A small town mourns

Remembering them: The cenotaph in Boggabri.

Remembering them: The cenotaph in Boggabri.

Checking timelines and discussions about the Great War, it is often apparent that there are relatively “quiet” months. This doesn’t always translate as “no deaths” but it mostly does translate to “less deaths”.

July 1917 was one of those months where little in the way of pitched fighting was occurring across Europe – but it was the month after Messines, and those at home where starting to hear about the real catastrophe of lost lives. In Boggabri, the news was grim.

Boggabri always punched above its weight, and at Messines it lost many of its beautiful, spirited young men. So many in fact that Boggabri became news throughout the district as people shook their head and tried to understand how one small community could lose so many casualties in such a small space of time.

The Tamworth Daily Observer of July 15, 1917 reported: “Boggabri War Casualties … Lieutenant W. S. Dixon at the time he enlisted was employed in the ABC Bank, Boggabri. He has been killed in action in France… Oliver Bennett, 24, son of Mrs A. Sandberg, Boggabri, enlisted February, 1916, had been killed in action in France… Private Thomas Hanks, son of Mr Sam Hanks, has also been killed in action in France… Privates Whartley (2) sons of Mrs Ruth Whartley, of Boggabri, are reported killed in action in France… Privates Joe O’Leary, S. Avery, son of Mr Luke Avery and Jas Dederer, son of the late Mrs P J O’Brien are reported wounded.”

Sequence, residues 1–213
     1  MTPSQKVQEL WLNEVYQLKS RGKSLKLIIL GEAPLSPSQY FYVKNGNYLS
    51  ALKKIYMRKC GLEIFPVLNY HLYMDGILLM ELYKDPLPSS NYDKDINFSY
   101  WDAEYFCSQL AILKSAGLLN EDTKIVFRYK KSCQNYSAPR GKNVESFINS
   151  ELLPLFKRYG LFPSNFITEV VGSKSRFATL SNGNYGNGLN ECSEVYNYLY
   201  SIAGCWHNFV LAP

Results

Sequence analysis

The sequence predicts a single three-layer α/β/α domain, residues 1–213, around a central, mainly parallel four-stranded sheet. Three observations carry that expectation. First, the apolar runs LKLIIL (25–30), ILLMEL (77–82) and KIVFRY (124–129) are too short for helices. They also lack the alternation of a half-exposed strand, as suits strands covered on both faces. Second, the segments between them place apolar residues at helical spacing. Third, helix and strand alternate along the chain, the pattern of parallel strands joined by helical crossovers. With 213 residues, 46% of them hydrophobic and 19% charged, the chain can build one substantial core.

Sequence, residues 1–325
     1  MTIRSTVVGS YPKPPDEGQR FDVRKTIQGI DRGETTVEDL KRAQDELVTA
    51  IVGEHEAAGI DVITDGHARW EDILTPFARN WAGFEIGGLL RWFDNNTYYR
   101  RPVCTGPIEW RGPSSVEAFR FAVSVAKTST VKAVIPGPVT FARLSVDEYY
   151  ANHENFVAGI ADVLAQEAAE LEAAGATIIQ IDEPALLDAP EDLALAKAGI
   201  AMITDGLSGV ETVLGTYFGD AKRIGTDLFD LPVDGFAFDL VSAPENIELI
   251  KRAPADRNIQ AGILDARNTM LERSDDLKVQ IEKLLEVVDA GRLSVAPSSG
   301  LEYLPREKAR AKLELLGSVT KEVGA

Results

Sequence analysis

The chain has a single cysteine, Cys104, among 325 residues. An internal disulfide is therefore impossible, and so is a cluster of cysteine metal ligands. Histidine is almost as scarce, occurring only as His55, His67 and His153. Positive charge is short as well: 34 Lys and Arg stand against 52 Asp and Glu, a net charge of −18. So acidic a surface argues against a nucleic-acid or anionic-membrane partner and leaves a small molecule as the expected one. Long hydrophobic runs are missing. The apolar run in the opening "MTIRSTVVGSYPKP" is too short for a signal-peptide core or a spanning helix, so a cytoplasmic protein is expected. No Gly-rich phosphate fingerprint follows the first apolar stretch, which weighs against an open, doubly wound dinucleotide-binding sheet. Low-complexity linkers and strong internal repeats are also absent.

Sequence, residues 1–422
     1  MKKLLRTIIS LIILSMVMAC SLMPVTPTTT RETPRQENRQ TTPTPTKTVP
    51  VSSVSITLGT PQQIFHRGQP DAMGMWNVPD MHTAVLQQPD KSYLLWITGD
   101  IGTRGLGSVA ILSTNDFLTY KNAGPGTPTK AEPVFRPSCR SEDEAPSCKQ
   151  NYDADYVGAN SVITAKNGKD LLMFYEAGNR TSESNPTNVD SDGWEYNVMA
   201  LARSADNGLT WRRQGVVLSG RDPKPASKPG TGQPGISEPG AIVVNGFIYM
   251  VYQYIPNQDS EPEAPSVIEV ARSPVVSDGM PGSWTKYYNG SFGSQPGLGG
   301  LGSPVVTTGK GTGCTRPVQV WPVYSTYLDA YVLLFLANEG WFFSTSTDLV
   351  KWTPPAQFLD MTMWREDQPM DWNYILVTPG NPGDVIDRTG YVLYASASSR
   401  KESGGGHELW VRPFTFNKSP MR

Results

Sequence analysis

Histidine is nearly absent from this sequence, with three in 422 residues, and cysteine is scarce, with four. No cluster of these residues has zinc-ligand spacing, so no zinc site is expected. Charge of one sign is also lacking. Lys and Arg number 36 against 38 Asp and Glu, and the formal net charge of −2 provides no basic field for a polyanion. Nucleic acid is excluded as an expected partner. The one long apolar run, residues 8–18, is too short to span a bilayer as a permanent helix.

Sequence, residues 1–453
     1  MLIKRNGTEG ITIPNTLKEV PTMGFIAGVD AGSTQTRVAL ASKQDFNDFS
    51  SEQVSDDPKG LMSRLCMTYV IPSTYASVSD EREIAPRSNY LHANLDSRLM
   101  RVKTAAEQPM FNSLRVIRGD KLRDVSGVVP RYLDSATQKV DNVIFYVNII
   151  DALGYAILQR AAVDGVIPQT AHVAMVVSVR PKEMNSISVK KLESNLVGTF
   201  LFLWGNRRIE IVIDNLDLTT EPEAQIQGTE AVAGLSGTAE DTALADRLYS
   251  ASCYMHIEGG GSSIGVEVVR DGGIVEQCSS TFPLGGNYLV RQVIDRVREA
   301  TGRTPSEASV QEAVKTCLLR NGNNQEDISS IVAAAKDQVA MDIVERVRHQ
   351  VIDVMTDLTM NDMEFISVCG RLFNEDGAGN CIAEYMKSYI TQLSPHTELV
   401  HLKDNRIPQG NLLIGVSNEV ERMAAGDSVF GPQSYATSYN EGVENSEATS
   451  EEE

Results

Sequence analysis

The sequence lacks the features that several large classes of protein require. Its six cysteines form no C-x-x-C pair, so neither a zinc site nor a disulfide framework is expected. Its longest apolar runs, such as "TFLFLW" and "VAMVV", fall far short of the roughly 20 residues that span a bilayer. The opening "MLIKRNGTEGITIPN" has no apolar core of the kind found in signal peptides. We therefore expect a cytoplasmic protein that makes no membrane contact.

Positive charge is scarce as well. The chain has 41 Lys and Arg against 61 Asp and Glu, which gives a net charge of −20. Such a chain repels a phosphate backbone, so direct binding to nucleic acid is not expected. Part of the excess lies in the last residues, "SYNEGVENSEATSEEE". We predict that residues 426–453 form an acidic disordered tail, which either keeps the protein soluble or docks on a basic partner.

James Dederer, Thomas Avery and Joe O’Leary on the newspaper’s wounded list all survived the war. Also, one of the two Wortley brothers mentioned, Michael, survived. He was found to be a POW and returned to his family at war’s end – although the fortune ran out for Ruth there, as Vincent, the other “Private Whartley”, was not even accorded a burial.

This one report which gave a snapshot of the colossal loss for the small community did not tell the whole story. During the months of June and July, at Messines, four more Boggabri boys had lost, or would lose, their lives. Lachlan Boulton, Leslie Bignell, Robert Smith and Charles Smith’s names had been unreported in the Observer article, but not in army reports.

News eventually filtered down to those who loved them that these children would not be coming home either. Then Boggabri mourned even more.